1. should. Are you thinking in all-or-none terms? Are you using words or phrases that are extreme or exaggerated [always. 3.1CHALLENGING QUESTIONS 16 Below is a list of questions to be used in helping you challenge maladaptive or problematic beliefs. 8. Are you taking the situation out of context and only focusing on one aspect of the event? 7. need. Is your belief a habit or based on facts? Are your interpretations of the situation too far removed from reality to be accurate? 4. Is the source of information reliable? Are you confusing a low probability with a high probability? . must. forever. 5. Belief: _____________________________________________________I don’t deserve to have a family. What is the evidence for and against the idea. can’t. every time]? 6. Answer as many questions as you can for the belief you have chosen to challenge. never. FOR:_________________________________________________________________________ ______ AGAINST:____________________________________________________________________ ________ 2.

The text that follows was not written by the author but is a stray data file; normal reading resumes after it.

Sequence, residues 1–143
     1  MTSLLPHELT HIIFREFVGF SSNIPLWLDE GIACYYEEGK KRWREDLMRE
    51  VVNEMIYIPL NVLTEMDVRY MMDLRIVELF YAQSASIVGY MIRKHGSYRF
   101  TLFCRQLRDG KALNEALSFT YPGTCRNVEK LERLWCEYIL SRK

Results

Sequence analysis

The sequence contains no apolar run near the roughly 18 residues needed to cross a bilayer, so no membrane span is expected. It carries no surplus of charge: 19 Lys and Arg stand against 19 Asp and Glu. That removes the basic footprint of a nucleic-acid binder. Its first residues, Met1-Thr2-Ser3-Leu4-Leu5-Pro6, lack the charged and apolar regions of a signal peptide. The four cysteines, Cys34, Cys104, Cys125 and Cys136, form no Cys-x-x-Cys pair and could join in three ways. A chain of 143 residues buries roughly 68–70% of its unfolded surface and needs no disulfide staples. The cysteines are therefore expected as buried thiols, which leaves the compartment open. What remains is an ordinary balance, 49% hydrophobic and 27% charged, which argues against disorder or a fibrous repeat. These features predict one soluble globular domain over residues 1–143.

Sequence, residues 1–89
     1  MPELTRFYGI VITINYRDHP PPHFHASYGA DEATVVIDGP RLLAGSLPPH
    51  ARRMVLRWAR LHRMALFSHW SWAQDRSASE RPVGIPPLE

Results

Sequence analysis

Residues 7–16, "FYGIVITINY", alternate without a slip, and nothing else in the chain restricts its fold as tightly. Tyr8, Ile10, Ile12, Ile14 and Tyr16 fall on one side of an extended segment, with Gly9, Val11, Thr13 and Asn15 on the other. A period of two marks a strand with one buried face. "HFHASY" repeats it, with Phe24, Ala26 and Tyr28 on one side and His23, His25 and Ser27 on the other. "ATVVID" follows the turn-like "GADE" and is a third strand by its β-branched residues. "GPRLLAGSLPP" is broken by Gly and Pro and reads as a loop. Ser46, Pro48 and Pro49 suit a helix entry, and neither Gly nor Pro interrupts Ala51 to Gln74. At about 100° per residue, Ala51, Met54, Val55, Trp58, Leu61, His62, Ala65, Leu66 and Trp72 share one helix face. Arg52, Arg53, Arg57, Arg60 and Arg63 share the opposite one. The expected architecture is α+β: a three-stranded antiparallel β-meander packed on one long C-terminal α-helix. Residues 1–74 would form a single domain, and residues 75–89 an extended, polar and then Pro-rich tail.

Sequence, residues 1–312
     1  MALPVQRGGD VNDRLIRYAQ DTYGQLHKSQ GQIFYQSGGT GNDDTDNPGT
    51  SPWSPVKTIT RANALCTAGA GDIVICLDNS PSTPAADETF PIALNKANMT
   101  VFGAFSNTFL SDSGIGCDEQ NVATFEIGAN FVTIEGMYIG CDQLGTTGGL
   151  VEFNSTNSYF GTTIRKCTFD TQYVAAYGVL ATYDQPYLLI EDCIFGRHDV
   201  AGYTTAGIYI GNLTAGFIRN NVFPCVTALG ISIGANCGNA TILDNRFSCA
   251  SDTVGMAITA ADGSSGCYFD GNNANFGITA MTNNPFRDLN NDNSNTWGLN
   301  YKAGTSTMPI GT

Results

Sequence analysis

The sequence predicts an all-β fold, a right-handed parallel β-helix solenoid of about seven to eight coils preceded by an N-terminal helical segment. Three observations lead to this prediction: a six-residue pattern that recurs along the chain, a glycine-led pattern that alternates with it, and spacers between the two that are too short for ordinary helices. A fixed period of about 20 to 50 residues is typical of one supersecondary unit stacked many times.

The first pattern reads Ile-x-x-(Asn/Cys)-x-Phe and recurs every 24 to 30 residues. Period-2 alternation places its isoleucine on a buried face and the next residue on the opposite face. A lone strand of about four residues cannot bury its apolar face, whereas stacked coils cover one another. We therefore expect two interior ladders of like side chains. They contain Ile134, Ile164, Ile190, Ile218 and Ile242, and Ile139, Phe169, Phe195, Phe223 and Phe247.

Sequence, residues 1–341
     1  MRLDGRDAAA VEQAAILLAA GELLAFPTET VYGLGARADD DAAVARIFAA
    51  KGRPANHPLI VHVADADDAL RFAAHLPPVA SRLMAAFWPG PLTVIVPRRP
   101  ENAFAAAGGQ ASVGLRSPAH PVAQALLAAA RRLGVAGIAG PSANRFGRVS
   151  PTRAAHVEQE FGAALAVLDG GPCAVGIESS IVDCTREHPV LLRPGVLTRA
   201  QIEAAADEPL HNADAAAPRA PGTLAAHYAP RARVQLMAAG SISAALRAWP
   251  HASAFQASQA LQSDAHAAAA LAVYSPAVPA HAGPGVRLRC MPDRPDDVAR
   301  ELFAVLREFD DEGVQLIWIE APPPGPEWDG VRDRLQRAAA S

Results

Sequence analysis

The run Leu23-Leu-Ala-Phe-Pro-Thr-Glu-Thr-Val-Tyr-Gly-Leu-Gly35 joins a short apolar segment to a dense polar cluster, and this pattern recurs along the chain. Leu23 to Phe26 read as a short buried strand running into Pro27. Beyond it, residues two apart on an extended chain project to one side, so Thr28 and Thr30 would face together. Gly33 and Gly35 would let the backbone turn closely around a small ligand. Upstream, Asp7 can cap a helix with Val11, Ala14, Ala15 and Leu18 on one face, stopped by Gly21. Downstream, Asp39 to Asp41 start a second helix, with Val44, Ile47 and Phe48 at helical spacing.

Life stress is the fire. Therapy improves problem solving.17 9.Guilford Press: New York. P A.trauma creates a messy filing cabinet. 206]. but corrective action was not incorporated. some of the memories will spill over from time to time. Are your judgements based on feelings rather than facts? Are you focused on irrelevant factors? [101] [Resnick. C M & Rizvi. 2008. Monson. the less the ladder burns. The memory has been activated. and that assists coping. Distressing dreams often provoke people to wake up in fear. extracting a tooth.trauma work digests the memory. climbing out of hell on an aluminium ladder. One can also compare lancing a boil. pp65-122] Motivating clients Exposure therapy is like a Bunsen burner used in science class. D H. wanting to come inside the house. Working with traumatic nightmares • • Perhaps dreaming is an associative process that helps us to make sense of intense experiences in our lives. but change the ending. allowing the survivor to feel comfortable again [Giarratano. Think of your nightmare. Posttraumatic Stress Disorder in Barlow. a wet. Clinical Handbook of psychological Disorders. With the fire on high. the further you climb. Trauma memory work is like a tap. muddy dog out in a storm. undigested meal . 2004. to let them out [distress] under controlled and safe circumstances. 10. • • many nightmares are not exact representations of the trauma. Repetitive dreams can be targeted using the following methods: . Traumatic memories are inside the glass container with a lid on top to keep them all in. or the brain as a filing cabinet .